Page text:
Lower court was right in refusing to set aside its
".....a ground of Appeal can arise in a
number of situations such as the following
from the text of the decision appealed against
from the procedure under which the claim was
from the procedure under which the decision was
(d) from other extrinsic factors such as issue of Jurisdiction of a court from which the Appeal emanates;
from commission or omissions by the court from
which an Appeal emanated in either refusing to do what
it ought to do or doing what it ought not to do or
even in overdoing the act complained of" (my
See also Metal Construction (West Africa)
Ltd. v. Migliore and Ors. (supra).
"However, in view of the Supreme Court's decision in Obiora v. Osele (1989) 1 NWLR (Pt. 97) 279, that a bad, faulty or inelegant brief does not cease to be a brief it is left for me to examine as best as I can the synopsis of complaints by the learned counsel that are presented as issues for determination. To this end, since both learned counsel persisted in the same error I am left with no choice than to realign the issues for determination formulated by the appellant. See Labiyi v. Anretiola (1992) 8 NWLR (Pt. 258) 139, 159; and Aduku v. Adejoh (1994) 5 NWLR (Pt.346) 582, 594 - 595, bearing in mind the caution in Nwokoro v. Onuma (1990) 3 NWLR (Pt.136) 22, 35, against 'forcing issues down the parties' throats'."
See the host of cases cited by the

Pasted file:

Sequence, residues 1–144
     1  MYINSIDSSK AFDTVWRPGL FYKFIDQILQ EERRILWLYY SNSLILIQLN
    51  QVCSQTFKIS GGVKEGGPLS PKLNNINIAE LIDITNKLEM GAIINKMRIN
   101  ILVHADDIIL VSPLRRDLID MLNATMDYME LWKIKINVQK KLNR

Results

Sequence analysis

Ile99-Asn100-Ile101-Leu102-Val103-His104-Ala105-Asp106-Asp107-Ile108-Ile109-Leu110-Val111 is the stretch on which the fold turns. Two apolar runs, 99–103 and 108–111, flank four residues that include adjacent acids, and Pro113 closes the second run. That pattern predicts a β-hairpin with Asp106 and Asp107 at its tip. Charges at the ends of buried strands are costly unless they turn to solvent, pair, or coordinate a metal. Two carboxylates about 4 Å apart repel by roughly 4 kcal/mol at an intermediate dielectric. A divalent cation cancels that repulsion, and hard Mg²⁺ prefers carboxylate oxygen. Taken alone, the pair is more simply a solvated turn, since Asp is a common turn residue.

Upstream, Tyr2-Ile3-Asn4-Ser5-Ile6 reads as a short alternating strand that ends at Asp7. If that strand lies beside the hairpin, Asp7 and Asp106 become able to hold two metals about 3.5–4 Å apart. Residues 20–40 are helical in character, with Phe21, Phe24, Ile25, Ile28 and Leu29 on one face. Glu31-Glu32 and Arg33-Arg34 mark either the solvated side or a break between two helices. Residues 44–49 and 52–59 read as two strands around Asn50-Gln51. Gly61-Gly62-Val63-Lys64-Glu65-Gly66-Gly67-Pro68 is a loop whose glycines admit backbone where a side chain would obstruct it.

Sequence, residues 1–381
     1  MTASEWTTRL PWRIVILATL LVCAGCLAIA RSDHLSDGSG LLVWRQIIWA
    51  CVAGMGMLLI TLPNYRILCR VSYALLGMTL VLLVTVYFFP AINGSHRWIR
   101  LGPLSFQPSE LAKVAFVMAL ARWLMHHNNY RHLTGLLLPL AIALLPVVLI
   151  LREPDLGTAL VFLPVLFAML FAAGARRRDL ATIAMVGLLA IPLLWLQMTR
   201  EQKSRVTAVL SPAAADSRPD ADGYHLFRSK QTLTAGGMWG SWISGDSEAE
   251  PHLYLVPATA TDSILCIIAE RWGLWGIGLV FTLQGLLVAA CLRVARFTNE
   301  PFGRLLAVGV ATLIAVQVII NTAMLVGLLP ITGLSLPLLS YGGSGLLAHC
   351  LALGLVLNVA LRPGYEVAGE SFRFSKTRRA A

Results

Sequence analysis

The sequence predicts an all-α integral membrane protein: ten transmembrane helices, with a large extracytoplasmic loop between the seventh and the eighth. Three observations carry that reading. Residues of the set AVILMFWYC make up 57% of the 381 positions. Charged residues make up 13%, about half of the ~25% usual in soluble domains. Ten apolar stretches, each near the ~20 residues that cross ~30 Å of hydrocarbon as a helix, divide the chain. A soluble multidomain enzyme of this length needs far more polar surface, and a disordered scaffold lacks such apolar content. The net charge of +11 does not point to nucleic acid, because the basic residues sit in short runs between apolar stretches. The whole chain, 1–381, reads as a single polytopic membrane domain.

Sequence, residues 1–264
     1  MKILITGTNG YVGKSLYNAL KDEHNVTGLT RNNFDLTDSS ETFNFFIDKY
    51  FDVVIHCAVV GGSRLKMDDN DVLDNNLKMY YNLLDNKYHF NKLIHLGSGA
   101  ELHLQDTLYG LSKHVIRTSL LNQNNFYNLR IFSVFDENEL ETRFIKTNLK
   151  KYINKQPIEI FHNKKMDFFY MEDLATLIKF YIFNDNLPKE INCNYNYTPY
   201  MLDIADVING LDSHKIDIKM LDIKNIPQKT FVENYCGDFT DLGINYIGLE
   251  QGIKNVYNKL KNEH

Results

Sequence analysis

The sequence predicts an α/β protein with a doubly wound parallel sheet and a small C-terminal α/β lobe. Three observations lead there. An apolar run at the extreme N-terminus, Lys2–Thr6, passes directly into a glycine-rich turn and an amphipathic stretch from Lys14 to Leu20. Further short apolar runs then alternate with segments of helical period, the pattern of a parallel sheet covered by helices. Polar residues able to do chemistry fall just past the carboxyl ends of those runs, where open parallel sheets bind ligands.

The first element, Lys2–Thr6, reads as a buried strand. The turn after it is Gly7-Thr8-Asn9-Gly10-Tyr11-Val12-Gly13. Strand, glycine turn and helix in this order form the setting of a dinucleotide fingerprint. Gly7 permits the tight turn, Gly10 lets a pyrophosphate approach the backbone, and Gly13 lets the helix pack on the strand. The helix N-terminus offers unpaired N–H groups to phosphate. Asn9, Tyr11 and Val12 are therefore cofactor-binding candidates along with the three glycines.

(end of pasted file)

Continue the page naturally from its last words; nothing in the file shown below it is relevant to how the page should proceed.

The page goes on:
appellant on the issue in the reply brief (supra).
setting aside the ruling of this Honourable Court
dated 11/2/2013 entering final judgment in favour of
the plaintiff for Defendant/Applicant default in
appearance and defense.
(2) An order extending time within which Defendant/Applicant may enter appearance and file its defence the time allowed under the rules of court having expired and for such further order as this Honourable Court may deem fit to make in the circumstance."
The reason for the prayers is contained in paragraphs 5 to 6 of the affidavit in page 38 of the record thus-
"(5) That no hearing notice was ever served on the Defendant/Applicant fixing a date for hearing of the plaintiff/Respondent motion for judgment.
Order 8 and 9 of the Rules of the court below provides-
"Where judgment is entered pursuant to the preceding rules of this order a judge may set aside or vary such judgment on just terms upon an application on notice by the defendant. The application shall be made within 14 days and it shall be accompanied with treasury receipt showing payment of penalty for the period of default and show a good defence to the claim and a just cause for the default."
Summarized, Order 8 rule 9 of the Rules
of the court below has four requirements - that the application be brought within 14
days; that the application be accompanied with
treasury receipt evidencing payment of penalty for the
period of default; that good defence to the claim be
attached to the application; and that just cause or
explanation for the default be furnished by the
applicant in the application.
"Any judgment by default whether under
this order or under any order of these Rules shall be